Appeal. A formal complaint that you can make if your Medicare health plan doesn't pay for a drug or medical service that you feel it should.
Approved amount. The price that Medicare is willing to pay for a specific medical service (when combined with your co-pay, if applicable). If your doctor charges more than the approved amount, you will have to pay the difference.
Recommended Related to Health Insurance & Medicare
Enrolling in Medicare is simple and often automatic. Follow these four steps to learn what you should do:
Find out if you need to sign up for Medicare Part A or B.
Decide if you want Medicare Part B benefits.
Decide if you want extra coverage with Medicare.
Decide if you want Medicare Part D, Prescription Drug Coverage.
Co-insurance. What you must pay for a medical service or prescription drug. It is a percentage of the cost of that service or drug.
Co-pay. What you must pay for a medical service or prescription drug. It is a flat fee.
Creditable prescription drug coverage. Drug coverage -- from an employer, for instance -- that offers benefits that are as good as or better than what Medicare offers.
Deductible. Money that you need to pay for medical care before your Medicare coverage kicks in. Once you have paid the deductible, Medicare starts to cover some of your costs.
Doughnut hole. The popular term for a gap in coverage in the some Medicare Drug Plans. Medicare calls it the "coverage gap." The gap will close completely in 2020.
Dual eligible. People who are eligible for both Medicare and Medicaid.
Durable medical equipment. Reusable equipment -- like wheelchairs, walkers, and hospital beds -- that your doctor orders for you to use at home.
Enrollment period. A limited period of time when you can enroll in or switch Medicare plans.
Extra help. Financial assistance for people with very limited incomes and assets that helps cover Medicare Prescription Drug Plan costs.
Grievance. A formal complaint that you can make to Medicare if you have been treated poorly by either your plan or by a staff member giving you medical care.
Home health care. Short-term medical care that Medicare provides at home while you recover from an injury or illness. It includes part-time or occasional skilled nursing care, some equipment, supplies, and other services.
Hospice care. Care for people who are terminally ill, which is covered by Medicare Part A. It includes physical care and counseling. It is usually done at home.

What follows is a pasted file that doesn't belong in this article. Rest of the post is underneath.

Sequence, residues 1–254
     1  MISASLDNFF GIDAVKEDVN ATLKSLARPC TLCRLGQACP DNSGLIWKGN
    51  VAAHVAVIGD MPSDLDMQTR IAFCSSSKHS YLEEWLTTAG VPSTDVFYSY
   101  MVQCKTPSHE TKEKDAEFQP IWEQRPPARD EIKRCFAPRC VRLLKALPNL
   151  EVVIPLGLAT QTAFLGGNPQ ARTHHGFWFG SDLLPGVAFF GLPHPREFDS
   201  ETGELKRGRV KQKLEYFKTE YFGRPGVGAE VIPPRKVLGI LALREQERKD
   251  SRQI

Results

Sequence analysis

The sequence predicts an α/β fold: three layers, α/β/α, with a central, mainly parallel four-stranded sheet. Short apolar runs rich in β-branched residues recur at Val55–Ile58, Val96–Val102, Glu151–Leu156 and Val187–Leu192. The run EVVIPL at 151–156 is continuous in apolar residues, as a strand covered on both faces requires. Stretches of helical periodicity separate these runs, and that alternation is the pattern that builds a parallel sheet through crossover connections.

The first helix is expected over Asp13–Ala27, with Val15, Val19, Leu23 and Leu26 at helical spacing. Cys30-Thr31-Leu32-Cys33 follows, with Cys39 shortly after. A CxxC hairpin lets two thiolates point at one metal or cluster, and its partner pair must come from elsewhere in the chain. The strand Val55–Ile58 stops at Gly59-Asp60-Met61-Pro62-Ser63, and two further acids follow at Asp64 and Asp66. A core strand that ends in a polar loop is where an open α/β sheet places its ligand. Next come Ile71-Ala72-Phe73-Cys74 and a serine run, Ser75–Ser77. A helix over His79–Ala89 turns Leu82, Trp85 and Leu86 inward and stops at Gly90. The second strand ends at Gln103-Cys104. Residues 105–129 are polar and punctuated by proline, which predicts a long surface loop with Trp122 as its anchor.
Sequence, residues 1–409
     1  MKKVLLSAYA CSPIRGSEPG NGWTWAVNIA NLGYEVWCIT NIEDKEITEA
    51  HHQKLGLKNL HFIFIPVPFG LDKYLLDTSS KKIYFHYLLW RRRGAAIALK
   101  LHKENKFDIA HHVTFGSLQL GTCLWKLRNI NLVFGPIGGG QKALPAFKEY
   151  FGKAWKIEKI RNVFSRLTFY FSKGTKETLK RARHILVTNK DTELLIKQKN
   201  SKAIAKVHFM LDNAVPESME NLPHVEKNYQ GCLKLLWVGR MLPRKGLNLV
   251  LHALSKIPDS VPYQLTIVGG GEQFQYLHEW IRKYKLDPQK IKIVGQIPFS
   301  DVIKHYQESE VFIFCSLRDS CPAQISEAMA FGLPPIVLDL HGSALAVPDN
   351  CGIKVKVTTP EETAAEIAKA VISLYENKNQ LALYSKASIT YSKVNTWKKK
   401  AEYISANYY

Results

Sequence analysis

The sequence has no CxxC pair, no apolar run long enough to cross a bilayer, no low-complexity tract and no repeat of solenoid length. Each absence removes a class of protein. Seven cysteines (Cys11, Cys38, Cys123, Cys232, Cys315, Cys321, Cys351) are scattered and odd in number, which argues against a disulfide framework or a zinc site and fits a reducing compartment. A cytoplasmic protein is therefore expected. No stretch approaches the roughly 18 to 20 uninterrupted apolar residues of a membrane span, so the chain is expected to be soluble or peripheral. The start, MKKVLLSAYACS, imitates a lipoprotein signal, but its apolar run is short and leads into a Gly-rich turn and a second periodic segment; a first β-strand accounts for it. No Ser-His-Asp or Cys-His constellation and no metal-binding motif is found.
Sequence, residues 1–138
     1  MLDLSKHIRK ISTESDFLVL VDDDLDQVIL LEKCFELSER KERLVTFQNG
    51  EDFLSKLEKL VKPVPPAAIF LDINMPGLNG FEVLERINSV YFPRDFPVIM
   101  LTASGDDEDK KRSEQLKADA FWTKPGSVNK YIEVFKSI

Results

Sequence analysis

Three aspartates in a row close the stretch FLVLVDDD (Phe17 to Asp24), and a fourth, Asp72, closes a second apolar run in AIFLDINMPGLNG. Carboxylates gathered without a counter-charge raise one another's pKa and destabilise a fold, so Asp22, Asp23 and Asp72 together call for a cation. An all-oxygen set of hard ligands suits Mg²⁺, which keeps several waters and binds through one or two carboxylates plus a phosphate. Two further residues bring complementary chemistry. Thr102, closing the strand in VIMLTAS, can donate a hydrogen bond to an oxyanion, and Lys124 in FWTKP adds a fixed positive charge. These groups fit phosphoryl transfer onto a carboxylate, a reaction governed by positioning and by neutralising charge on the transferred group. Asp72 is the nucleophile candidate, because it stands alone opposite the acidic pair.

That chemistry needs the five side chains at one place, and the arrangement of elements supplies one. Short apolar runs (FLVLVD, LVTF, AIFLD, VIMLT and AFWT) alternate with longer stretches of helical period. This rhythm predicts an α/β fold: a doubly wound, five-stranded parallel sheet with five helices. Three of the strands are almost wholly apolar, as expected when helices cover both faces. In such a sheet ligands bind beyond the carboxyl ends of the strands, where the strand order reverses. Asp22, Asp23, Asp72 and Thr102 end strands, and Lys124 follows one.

Long-term care. Ongoing help with personal and health care, which might be provided by a nursing home or assisted living facility. Medicare does not cover this kind of care.
Medicaid. A federal and state program separate from Medicare that helps pay medical costs for people with low incomes and limited assets.
Medicare Advantage. An alternative to Medicare Parts A and B, in which a private company provides your health care coverage.
Medicare Part A. Medicare insurance that pays for stays in the hospital and skilled nursing facilities, along with hospice care, and some home health care.
Medicare Part B. Medicare insurance that pays for doctor's visits, laboratory tests, medical equipment, and some other medical services.
Medicare Prescription Drug Plan (Medicare Part D). The newest part of Medicare, which provides you with some coverage for prescription brand name and generic drugs.
Medigap. A private insurance policy that fills some of the gaps in your Medicare Part A and Part B coverage.
Occupational therapy. Therapy that helps you get back to normal after an illness, including assistance with meals, bathing, and housekeeping.
Original Medicare. The term for Medicare Parts A and B.
Out-of-pocket costs. Fees that Medicare doesn't pay; you have to pay them yourself.
Premium. A regular payment, usually monthly, for coverage in a health plan.
Skilled nursing care. Medical care that is provided by a registered nurse (RN) or licensed practical nurse (LPN.)